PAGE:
Again it all depends on the species. For example Lumbricus rubellus  can adopt both under toxic and non toxic conditions. Those adopted to non-toxic conditions can not survive in soils that have high arsenic concentration. Laboratory experimental results reported in the literature show that the above species adopted to toxic conditions are able to sustain arsenic concentration of 2000 ppm in soils and the tissues were able to accumulate 230 ppm of arsenic while the same species adopted to non-toxic conditions dies when exposed to such toxic conditions. Some earthworms of the same species develop yellow pigmentation when their tissues get enriched with arsenic. The above reported results on earthworms indicate that there are several species that are able to sustain high arsenic levels in the soils and some species are able to methylate arsenic in an organic form and pass the toxicity to higher trophic levels.

 Since earthworms are friends of the farmers, arsenic contaminated soils like those inWest Bengalcan find a solution to the perennial problem of arsenic contamination in irrigated soils.



Finally the Special Report on Renewable Energy (SRREN) sources and Climate Change mitigation (Final Release) was released in May 2011 by IPCC. This report gives the status of Wind, Solar, Geothermal and other renewables in the context of ongoing debate on carbon dioxide emissions, climate change and future plan of action for all the countries, especially for those countries under non-OECD. ighlights of the report related to geothermal energy are as follows:

The available heat that can be extracted from the depth of 3 km in the earth is 34 x 106 EJ. Theoretically an amount of 146 EJ/Y of electric power can be generated from this energy.  Technology for generating electric power from hydrothermal sources is very matured and is in place for the last 100 years or more and at present over 11,000 MWe being generated across the countries.  Ground heat sources technology to cool or heat space is also very well developed and in some countries it is mandatory to use ground source heat pumps to cool or heat residential space and districts. The status of electricity generated and direct application through geothermal is regularly updated during the world geothermal congress held every five years. With regard to direct application, during 2009 63% geothermal energy was used for space heating of buildings, 25% for balneology, 5% for greenhouse cultivation, 3% for dehydration, 3% for fish farming and 1% for snow melting.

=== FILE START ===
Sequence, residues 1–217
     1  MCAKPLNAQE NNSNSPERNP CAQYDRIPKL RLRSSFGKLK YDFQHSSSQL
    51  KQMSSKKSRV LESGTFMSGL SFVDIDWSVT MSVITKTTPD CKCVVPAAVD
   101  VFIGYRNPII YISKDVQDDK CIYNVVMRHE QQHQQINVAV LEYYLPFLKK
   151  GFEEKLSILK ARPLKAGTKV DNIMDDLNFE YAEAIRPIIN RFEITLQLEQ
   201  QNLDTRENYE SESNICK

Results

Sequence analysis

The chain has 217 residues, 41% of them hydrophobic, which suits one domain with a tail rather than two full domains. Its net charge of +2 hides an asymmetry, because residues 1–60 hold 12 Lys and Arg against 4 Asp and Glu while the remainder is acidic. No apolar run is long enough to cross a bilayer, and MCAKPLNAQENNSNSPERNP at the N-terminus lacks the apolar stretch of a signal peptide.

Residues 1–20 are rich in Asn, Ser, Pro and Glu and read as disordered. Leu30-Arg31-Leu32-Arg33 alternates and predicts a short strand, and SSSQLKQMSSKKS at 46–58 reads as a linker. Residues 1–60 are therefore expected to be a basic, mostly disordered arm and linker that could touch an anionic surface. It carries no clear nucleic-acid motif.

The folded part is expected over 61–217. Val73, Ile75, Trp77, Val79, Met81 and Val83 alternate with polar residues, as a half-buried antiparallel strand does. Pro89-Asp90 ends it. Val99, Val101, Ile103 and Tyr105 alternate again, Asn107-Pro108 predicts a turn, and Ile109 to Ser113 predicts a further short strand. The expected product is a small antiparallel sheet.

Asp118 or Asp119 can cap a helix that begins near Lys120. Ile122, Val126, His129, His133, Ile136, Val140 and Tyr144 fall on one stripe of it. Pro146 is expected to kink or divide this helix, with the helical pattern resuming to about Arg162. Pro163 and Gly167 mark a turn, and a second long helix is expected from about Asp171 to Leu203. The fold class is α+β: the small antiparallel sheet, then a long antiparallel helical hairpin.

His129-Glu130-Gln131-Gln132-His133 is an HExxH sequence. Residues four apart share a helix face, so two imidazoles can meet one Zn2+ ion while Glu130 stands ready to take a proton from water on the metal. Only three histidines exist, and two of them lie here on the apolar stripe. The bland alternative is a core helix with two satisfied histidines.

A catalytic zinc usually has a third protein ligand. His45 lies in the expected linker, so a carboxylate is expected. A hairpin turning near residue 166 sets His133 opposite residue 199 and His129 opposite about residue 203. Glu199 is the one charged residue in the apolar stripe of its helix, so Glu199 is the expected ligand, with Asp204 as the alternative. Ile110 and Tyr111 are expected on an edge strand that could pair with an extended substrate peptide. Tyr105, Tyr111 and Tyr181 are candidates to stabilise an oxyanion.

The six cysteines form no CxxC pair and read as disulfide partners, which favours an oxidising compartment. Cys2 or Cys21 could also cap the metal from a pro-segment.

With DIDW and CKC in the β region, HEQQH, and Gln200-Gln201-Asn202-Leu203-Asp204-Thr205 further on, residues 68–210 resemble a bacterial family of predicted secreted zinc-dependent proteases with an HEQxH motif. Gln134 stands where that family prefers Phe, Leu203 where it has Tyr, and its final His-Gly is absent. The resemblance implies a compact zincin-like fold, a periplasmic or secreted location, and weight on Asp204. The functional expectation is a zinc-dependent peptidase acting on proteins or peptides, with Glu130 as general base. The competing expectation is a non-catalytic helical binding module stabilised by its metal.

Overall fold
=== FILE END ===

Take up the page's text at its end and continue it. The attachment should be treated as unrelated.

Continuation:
For geothermal to reach its full capacity in climate change mitigation, it is necessary to overcome technical and non-technical barriers. These barriers can be overcome by making amendments in renewable energy policies. Geothermal resources are either site specific (hydrothermal sources) or site independent (EGS and GHPs). The distance between electricity markets and sources becomes a significant factor in the economics of power generation and direct use. These are technical barriers. Non-technical barrier include lack of information and awareness related to geothermal energy resources among the public. This can be overcome by disseminating information through a variety of media and also holding seminars and symposia. Institutional barriers include lack of specific laws governing geothermal resources. In many countries geothermal resources are considered as mining or water resources.

Policies should be clear regarding the use of GHPs. For example, heating/cooling individual domestic homes does not need any specific policy but implementation of district heating system requires  different policy framework. Policies that support R and D programmes would benefit geothermal technologies, especially emerging technologies like EGS. Fiscal incentive, public finance for research and demonstration, subsidies, guarantees, tax write-offs to cover commercial upfront exploration costs, including high risk drilling costs are a few issues that a policy should address to encourage geothermal resources. Equally important is the feed in tariff that needs to be attractive for the investors.  Experience with the countries that are successful in the development of  geothermal energy for power generation and for direct applications shows that such developments are closely linked to the government policies, regulations, incentives and initiatives.